The beauty of this definition lies in the fact that it is yet another analogy, for Platocrates’ city refers not to an actual city, but to a soul. Like the city the human soul is composed of many parts, each with separate purposes. One finds true justice when one allows one’s mind to rule his soul, and the other parts to follow. Like the Sophie-loving kings of his city, schooled in truths most profound, when we let our minds discover the truths of our world and give them power over our hungers and lusts and feelings, when we let them rule us as they should, we shall truly be just; we shall truly be good.

With this final statement Platocrates showed why he is at heart a lover of Sophie, for the entire point, the entire quest for justice, was in fact a means of illustrating the necessity of seeking out the great Sophia. Loving Sophia meant seeking truth; finding truth meant finding justice; and knowing truth meant knowing what was best, both for oneself and for all. Thus one that knew, one that had stepped out of the allegorical cave and glimpsed the sun, could never be said to be the loser when placed against the man that did not know; justice could never result in harm for the man that practiced it.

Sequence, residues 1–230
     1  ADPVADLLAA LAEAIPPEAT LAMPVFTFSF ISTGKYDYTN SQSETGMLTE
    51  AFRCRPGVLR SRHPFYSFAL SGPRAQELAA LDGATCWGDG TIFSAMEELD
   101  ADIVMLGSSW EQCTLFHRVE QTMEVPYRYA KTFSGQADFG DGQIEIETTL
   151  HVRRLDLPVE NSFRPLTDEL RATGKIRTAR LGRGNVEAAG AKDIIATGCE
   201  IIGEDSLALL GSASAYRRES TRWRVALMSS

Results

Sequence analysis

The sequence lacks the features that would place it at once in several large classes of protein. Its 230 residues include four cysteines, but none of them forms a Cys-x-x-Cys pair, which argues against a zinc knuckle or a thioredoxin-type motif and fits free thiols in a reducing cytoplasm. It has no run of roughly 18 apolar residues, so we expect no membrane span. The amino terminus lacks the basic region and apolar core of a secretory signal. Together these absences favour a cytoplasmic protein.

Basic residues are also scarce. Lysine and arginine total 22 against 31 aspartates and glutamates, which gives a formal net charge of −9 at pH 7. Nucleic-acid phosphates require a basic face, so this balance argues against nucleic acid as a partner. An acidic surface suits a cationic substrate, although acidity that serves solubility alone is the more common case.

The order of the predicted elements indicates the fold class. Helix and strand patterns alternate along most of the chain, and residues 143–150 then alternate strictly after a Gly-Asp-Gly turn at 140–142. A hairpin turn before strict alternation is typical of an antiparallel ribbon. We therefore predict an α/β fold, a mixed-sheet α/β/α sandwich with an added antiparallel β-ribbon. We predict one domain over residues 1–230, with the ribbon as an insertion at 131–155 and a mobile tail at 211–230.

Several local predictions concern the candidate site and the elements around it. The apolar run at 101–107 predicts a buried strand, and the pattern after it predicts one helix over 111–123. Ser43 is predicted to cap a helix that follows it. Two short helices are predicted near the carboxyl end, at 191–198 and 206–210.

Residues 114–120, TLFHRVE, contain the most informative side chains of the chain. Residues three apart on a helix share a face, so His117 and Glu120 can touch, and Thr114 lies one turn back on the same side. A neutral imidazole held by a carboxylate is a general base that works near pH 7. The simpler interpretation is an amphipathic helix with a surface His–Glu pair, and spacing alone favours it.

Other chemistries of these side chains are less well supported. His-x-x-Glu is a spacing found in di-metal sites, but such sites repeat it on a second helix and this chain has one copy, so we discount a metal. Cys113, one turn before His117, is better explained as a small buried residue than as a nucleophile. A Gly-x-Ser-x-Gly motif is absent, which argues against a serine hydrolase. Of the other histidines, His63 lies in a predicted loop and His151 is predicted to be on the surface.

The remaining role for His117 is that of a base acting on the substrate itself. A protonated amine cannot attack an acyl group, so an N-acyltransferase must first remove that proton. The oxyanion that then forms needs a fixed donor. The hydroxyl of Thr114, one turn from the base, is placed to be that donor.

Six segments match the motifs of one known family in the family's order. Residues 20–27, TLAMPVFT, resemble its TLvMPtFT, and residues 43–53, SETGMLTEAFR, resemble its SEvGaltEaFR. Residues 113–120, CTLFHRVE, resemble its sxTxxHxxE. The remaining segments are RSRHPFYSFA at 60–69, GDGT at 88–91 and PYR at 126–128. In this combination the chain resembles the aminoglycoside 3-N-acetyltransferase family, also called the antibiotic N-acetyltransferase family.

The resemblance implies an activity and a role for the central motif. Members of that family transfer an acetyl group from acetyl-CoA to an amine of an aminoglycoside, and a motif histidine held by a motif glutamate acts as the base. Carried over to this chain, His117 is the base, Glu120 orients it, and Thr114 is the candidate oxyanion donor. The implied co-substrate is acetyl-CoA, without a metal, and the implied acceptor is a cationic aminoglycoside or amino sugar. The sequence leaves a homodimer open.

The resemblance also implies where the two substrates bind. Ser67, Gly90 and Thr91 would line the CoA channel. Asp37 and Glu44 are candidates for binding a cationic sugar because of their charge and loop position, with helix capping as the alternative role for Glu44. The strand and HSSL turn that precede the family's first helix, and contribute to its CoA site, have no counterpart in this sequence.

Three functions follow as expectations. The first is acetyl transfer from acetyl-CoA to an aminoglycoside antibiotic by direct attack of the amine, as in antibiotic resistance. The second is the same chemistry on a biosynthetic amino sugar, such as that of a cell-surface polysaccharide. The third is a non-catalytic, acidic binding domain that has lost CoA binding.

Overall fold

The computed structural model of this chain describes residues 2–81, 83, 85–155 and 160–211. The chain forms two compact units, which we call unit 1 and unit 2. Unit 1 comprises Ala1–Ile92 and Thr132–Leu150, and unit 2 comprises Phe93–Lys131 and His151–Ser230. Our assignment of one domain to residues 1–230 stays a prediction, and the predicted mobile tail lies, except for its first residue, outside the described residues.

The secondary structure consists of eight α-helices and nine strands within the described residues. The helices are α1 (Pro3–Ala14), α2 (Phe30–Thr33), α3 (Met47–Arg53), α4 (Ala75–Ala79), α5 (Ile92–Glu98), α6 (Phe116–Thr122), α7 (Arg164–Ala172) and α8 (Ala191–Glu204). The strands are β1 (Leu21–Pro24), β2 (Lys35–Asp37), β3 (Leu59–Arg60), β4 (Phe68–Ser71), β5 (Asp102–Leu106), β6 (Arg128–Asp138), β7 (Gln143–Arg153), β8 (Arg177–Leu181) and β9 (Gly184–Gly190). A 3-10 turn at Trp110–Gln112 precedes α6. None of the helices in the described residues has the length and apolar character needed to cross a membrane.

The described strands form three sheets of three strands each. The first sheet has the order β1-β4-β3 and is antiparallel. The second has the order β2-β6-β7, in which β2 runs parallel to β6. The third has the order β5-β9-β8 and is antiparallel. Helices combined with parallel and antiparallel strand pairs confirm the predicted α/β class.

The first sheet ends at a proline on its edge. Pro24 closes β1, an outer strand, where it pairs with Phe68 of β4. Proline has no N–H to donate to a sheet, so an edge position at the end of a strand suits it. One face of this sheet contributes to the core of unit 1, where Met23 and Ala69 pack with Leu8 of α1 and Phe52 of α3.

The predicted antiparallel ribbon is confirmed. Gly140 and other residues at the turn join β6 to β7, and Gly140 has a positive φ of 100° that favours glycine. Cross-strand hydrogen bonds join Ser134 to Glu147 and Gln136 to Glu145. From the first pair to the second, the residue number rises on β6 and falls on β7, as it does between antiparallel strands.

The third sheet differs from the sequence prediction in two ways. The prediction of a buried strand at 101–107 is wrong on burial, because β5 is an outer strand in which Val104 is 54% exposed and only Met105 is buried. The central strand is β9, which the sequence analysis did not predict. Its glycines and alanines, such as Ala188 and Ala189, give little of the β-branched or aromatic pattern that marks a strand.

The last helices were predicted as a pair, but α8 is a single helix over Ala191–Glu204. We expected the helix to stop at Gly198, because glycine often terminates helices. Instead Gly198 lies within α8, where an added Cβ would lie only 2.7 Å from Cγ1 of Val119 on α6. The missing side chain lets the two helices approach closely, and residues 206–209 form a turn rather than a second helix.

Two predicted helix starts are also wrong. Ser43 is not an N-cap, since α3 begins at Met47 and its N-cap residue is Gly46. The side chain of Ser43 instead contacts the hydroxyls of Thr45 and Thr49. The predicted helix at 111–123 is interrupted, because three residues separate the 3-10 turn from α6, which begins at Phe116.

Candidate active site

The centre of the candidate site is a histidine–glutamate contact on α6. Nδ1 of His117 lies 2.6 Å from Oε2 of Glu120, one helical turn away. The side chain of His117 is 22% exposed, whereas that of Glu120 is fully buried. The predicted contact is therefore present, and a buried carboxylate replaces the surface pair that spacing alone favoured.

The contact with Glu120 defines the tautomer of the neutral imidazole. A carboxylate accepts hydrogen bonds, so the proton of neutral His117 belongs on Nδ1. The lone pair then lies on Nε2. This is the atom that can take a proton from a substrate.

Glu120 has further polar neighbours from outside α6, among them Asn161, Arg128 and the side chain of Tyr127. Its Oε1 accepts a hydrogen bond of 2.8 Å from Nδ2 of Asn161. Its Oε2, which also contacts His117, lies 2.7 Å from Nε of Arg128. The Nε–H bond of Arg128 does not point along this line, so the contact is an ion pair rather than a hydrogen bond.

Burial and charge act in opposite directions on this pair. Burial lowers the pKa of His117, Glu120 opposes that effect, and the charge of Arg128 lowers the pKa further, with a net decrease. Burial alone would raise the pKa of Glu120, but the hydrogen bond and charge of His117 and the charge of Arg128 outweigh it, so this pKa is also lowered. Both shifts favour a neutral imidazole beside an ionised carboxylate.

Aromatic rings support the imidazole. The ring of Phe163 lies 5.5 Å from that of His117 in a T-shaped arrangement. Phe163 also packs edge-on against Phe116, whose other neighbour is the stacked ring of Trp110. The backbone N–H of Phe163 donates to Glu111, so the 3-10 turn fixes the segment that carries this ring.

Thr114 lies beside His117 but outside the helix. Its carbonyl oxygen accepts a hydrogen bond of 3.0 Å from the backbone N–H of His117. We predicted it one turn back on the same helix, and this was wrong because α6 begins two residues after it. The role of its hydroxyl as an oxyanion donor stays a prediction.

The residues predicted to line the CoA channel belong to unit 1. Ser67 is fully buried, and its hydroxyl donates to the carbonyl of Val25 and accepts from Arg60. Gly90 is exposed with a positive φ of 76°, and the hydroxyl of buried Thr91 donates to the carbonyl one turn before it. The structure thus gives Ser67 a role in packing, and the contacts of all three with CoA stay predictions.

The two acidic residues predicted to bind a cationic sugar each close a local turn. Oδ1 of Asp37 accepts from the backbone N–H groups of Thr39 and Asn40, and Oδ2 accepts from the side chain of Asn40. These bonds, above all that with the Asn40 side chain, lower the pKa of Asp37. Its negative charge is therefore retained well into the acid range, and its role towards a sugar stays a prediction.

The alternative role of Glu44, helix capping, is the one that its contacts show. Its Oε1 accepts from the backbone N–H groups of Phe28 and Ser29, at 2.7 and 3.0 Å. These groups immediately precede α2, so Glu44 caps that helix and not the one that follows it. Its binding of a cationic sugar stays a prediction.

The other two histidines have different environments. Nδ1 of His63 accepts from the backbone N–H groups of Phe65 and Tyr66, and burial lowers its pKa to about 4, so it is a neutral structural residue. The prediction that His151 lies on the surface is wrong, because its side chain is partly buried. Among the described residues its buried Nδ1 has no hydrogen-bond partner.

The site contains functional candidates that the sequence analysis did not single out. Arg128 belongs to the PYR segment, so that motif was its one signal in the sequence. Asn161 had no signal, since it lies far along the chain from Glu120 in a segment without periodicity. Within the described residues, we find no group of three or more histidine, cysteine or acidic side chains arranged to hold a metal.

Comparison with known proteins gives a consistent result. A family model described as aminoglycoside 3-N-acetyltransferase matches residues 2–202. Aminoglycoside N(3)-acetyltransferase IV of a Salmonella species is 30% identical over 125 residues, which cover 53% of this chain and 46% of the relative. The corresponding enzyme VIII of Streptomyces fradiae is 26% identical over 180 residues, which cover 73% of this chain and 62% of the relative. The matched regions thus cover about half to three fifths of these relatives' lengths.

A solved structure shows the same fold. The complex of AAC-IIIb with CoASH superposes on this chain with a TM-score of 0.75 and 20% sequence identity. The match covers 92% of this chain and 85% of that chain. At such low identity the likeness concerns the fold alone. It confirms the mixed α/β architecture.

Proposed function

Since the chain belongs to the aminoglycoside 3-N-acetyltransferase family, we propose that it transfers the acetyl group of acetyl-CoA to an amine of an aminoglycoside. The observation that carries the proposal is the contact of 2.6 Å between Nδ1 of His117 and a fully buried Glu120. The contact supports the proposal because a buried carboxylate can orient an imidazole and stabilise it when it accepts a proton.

It is a wonderfully optimistic book, Plato’s Republic, and I admit that these days I need such wonderful optimism. I am, as you know, yet to fully recover from the damaging blow struck by the more contemporary Russell in his Problems of Philosophy. Platocrates fills me with hope that my quest for Sophia would not be in vain. If finding her means finding justice and finding justice means finding you then maybe, just maybe, there is yet hope that I will return home, Father. I see Doubt shaking his head; I hear him saying very clearly that without verification Platocrates’ words are nothing but sweet, sweet arbitration, but I do not care. On this day I need such sweet arbitration; it has been quite the while since my thoughts and discoveries have brought a smile to my face.